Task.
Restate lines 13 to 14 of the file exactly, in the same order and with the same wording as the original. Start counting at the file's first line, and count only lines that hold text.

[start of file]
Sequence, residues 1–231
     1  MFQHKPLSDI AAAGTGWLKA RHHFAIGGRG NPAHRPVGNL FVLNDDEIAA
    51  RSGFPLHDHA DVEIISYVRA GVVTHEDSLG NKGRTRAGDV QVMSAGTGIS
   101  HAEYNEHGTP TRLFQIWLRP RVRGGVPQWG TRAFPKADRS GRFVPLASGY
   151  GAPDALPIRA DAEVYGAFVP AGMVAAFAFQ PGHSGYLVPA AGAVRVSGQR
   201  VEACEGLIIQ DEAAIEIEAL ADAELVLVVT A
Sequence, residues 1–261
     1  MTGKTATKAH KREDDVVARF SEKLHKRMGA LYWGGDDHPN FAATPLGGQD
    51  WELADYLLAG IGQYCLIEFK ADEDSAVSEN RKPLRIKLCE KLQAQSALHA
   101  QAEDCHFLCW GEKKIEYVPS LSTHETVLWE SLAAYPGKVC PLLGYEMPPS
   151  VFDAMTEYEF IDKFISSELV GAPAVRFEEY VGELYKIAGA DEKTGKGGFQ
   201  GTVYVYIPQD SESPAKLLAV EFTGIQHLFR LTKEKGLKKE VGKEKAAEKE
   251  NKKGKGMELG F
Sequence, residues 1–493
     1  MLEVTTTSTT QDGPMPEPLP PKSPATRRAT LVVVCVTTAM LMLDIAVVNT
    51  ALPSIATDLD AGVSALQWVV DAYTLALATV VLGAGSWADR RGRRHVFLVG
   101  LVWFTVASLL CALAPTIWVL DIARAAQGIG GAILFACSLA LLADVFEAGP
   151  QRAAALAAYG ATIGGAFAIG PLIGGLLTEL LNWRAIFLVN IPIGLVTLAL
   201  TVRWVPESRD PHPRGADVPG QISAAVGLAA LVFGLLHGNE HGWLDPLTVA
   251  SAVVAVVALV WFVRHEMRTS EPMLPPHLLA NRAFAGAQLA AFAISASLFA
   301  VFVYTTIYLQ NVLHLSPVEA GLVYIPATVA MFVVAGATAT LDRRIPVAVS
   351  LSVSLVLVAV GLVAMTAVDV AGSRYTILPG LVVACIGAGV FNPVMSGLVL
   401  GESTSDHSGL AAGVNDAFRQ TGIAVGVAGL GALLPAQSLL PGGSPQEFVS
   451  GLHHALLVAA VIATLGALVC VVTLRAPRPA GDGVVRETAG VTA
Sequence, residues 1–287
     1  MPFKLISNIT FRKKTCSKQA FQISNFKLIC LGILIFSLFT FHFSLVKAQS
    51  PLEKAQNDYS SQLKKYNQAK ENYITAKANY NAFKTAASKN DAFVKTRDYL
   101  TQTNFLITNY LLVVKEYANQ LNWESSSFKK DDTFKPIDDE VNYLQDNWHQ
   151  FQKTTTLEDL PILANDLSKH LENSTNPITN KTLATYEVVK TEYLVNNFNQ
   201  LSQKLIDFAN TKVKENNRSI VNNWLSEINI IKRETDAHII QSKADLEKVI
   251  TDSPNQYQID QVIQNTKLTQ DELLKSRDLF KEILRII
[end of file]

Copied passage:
   251  NKKGKGMELG F
Sequence, residues 1–493